Business Value: The market value of a going concern, including real property, personal property, and the intangible assets of the business. Also known as Total Assets of the Business (TAB) and debatable.

Capitalization Rate: Any rate used to convert income into value.

Client: A party or parties who engage, by employment or contract, an appraiser in a specific assignment.

Confidential Information: Information that is either:

  1. Identified by the client as confidential when providing it to the appraiser and that is not available from any other source; or
  2. Classified as confidential or private by applicable law or regulation.

Discount Rate: A yield rate used to convert future payments or receipts into present value; usually considered to be a synonym for yield rate.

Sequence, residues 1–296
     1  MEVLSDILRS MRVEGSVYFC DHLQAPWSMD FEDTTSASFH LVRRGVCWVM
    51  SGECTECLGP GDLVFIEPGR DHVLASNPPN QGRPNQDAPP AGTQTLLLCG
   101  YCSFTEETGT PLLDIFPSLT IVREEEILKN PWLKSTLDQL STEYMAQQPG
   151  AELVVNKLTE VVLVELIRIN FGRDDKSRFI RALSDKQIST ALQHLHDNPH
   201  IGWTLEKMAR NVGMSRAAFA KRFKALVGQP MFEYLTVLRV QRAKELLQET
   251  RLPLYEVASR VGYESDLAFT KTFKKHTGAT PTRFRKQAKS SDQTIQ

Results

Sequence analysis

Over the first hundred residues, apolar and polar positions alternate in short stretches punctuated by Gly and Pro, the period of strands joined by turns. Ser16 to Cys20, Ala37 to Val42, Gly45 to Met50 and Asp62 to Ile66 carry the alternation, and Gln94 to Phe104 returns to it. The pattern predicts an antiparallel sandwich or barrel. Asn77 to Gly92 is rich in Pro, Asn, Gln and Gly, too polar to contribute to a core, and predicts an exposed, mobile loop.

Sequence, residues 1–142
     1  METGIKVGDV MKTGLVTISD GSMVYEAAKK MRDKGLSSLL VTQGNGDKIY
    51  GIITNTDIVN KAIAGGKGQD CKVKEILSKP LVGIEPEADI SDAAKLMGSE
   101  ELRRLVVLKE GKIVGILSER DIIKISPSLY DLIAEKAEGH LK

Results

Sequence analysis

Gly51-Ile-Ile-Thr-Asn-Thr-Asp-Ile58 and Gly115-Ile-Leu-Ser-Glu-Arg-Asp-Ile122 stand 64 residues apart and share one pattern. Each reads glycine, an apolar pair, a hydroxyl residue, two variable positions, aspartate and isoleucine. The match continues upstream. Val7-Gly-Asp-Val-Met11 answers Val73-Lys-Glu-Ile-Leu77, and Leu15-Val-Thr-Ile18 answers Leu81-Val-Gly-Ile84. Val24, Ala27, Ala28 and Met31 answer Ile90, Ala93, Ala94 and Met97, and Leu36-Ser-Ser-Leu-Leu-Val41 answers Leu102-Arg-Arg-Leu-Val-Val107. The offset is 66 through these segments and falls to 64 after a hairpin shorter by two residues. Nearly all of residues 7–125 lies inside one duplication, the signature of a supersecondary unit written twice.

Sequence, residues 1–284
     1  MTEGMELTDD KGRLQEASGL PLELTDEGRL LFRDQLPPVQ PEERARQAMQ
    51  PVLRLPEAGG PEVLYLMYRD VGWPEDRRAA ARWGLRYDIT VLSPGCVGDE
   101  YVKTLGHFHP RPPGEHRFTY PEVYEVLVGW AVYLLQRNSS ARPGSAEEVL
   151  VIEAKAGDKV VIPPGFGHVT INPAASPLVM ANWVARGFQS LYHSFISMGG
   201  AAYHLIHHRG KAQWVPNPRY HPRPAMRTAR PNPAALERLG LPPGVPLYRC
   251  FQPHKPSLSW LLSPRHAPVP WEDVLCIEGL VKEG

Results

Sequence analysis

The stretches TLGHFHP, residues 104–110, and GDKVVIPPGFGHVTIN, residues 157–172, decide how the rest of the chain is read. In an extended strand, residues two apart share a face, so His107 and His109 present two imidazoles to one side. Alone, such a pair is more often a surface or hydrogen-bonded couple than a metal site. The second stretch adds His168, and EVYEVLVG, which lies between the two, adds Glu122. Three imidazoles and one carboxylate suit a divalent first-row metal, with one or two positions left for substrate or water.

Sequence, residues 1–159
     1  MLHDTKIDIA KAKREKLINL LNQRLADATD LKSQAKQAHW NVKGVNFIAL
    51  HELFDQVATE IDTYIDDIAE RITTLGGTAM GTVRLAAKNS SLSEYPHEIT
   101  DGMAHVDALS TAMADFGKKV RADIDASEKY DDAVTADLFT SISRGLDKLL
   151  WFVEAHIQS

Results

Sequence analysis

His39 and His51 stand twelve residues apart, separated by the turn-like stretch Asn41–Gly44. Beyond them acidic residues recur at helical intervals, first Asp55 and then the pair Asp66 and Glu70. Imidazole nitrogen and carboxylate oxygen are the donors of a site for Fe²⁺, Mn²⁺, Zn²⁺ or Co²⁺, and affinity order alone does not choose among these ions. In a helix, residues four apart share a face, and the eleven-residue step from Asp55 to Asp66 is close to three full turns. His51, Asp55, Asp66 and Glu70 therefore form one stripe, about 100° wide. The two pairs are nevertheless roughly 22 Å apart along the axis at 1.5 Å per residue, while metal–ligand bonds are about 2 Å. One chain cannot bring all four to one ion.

Easement: The right to use another’s land for a stated purpose.

Equipment: Fixed assets other than real estate, e.g., office equipment, automotive equipment; as distinguished from fixtures, which are assets that are physically or legally attached to the real estate.

Extraordinary Assumption: An extraordinary assumption is an assumption directly related to a specific assignment, which, if found to be false, could alter the appraiser’s opinions or conclusions. An extraordinary assumption presumes as fact otherwise uncertain information about physical, legal, or economic characteristics of the subject property; or about conditions external to the property, such as market conditions or trends; or about the integrity of data used in an analysis.

Feasibility Analysis: A study of the cost-benefit relationship of an economic endeavor.

Fee Simple: Absolute ownership unencumbered by any other interest or estate, subject only to the limitations imposed by the governmental powers of taxation, eminent domain, police power, and escheat.